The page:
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Wily Peralta against the Royals on Friday night is a conundrum for DFS. Somehow in his seven starts this year, the 32-year-old has figured out a way to put up a 1.64 ERA, 0.94 WHIP and a 3.0 BB%; all career bests. Small sample size? Sure, but he’s getting it done for now. That’s good for DFS, right? We fade the Royals. Well not necessarily. He also comes in with a 5.45 K/9 rate, which – if he qualified – would be the worst among all starters. That’s not good for DFS. We stack the Royals? But he has an elite 57.4 GB% (would be the best among qualified pitchers), so he’s keeping the ball out of the air. That’s good for DFS. Well, the Royals have one of the lowest Soft Contact rates of any offense (only 15% of balls in play). That’s bad for DFS. I could go on and on.

The lesson is, do your homework, but take a stand. We can’t always play Jacob DeGrom against the Rangers or the Astros in Coors Field. Do your research, come to your own conclusions, and live or die by your process.

This biweekly MLB DFS piece will look ahead to upcoming series with an eye towards which bats to Stack (rostering multiple players from the same lineup, a key to DFS success) and which bats to Fade (recommended spots to avoid, based on the data). I will also look at pitchers with Potential (high-upside hurlers who might save you a little salary) and arms to Avoid (perhaps pitchers who look promising on the surface but have difficult waters to navigate in the games ahead).

We start things off with even more questions for pitching on Friday. Is Zac Gallen actually healthy? Do we trust Patrick Corbin against Baltimore? What about Gerrit Cole against Boston? How many runs will Chi Chi Gonzalez give up to the Dodgers? Let’s look at what might be signal and what might be noise as we build our rosters and try to differentiate our rosters this weekend.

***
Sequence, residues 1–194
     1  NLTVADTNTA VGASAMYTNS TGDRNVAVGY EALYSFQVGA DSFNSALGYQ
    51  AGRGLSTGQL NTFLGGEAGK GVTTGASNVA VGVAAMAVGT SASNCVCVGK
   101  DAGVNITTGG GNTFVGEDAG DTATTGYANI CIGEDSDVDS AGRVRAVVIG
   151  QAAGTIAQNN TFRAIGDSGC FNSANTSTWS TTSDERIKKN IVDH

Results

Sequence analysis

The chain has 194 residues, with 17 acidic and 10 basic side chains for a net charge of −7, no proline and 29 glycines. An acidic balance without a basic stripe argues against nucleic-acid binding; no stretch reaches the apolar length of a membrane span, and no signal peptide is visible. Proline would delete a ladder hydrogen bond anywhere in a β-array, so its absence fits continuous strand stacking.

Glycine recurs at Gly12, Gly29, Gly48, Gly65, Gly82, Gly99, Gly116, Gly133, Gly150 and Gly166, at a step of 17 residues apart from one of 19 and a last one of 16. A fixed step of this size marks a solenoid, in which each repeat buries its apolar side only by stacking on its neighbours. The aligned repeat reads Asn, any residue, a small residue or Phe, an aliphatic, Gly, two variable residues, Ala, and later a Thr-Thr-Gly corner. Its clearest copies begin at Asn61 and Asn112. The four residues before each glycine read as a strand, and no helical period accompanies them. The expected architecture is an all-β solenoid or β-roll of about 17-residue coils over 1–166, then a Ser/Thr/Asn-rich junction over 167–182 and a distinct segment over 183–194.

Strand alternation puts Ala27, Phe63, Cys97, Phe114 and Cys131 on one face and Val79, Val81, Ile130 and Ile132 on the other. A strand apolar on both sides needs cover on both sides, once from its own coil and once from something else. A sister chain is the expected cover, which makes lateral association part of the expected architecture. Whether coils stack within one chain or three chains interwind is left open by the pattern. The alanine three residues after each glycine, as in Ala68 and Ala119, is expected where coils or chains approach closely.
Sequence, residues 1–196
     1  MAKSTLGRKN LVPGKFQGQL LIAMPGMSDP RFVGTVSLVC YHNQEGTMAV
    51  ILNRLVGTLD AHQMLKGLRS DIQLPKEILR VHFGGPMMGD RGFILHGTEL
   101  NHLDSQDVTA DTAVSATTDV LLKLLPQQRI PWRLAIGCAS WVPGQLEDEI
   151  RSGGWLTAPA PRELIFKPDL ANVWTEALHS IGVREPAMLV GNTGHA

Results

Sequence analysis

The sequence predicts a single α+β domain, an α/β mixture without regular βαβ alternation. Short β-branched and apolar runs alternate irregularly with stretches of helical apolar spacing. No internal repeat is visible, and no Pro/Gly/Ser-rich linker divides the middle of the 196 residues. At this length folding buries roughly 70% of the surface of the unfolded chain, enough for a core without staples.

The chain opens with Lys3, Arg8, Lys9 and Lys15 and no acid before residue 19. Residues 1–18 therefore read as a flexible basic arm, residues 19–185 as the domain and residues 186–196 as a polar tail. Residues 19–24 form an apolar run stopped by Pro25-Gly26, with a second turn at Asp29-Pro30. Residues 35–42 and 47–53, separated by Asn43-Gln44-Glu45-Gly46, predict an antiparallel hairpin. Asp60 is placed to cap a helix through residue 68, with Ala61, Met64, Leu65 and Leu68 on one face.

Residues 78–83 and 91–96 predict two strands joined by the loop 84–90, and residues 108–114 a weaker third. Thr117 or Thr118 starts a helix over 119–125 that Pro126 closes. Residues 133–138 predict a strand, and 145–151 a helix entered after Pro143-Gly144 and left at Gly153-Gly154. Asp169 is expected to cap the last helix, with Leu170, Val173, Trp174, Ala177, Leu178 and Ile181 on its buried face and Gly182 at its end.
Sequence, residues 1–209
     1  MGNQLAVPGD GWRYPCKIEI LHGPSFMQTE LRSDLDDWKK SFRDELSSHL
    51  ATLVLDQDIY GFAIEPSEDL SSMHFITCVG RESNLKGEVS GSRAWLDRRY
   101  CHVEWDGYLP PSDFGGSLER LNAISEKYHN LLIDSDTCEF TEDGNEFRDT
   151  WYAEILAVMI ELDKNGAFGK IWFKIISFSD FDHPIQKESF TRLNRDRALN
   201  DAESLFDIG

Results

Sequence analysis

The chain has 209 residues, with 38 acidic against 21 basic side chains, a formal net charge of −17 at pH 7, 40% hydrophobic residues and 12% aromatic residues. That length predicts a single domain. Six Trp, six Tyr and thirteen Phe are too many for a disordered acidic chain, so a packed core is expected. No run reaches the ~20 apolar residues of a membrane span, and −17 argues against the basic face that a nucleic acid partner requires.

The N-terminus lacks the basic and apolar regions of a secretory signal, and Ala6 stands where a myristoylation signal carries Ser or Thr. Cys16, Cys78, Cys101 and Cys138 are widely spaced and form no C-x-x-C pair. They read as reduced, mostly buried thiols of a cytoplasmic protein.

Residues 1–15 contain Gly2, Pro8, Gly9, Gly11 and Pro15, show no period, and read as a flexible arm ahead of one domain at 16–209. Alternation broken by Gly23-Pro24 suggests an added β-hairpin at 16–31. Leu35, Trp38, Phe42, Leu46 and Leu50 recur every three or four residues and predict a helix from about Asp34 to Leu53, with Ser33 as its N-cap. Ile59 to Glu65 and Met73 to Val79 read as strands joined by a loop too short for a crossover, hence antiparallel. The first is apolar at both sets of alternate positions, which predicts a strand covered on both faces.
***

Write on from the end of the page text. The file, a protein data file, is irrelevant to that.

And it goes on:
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Bats to Stack

Washington Nationals (@ BAL) – What happens when you stack the hottest hitter on the planet against the worst pitcher in the majors? We are about to find out this weekend when Juan Soto gets Matt Harvey and Co. in the launching pad that is Camden Yards.

Seriously, if any of us were holding out hope that Harvey would make some kind of Dark Knight Rises resurrection in his career, we have to let that go. He is simply filling innings for Baltimore at this point, results be damned. Among all starters with at least 80 innings pitched, Harvey ranks bottom-10 in K/9, ERA (7.13, I mean come on), WHIP, and contact rate allowed among many other stats.

Jorge Lopez and Spenser Watkins opening the series won’t fare much better. Lopez also has an ERA north of 6.00 in his 89 innings this year and a K/9 of just 8.56. Watkins has 16 MLB innings under his belt and has a K/9 of just 7.16 and allows more than 4.4 BB/9.

That’s just not going to get it done against a patient (fourth-highest road OBP) and powerful (12th-highest road SLG) team like Washington. This weekend screams for a stack of left-handed Nats plus Trea Turner.

It ain’t going to be cheap for you, so be prepared. Soto has the highest batter salary on FanDuel on Friday ($4,700) and it wouldn’t surprise me if he is at $5,000 by Sunday’s date with Harvey. Josh Bell, Gerardo Parra, and Andrew Stevenson could be cheap pieces of a stack, however, that would allow you room for Soto and Turner.

Bats to Fade

Chicago White Sox (@ MIL) – If there is a group of pitchers who are the anti-Matt Harvey, it’s the murderer’s row the Pale Hose will face this weekend when they travel to Milwaukee.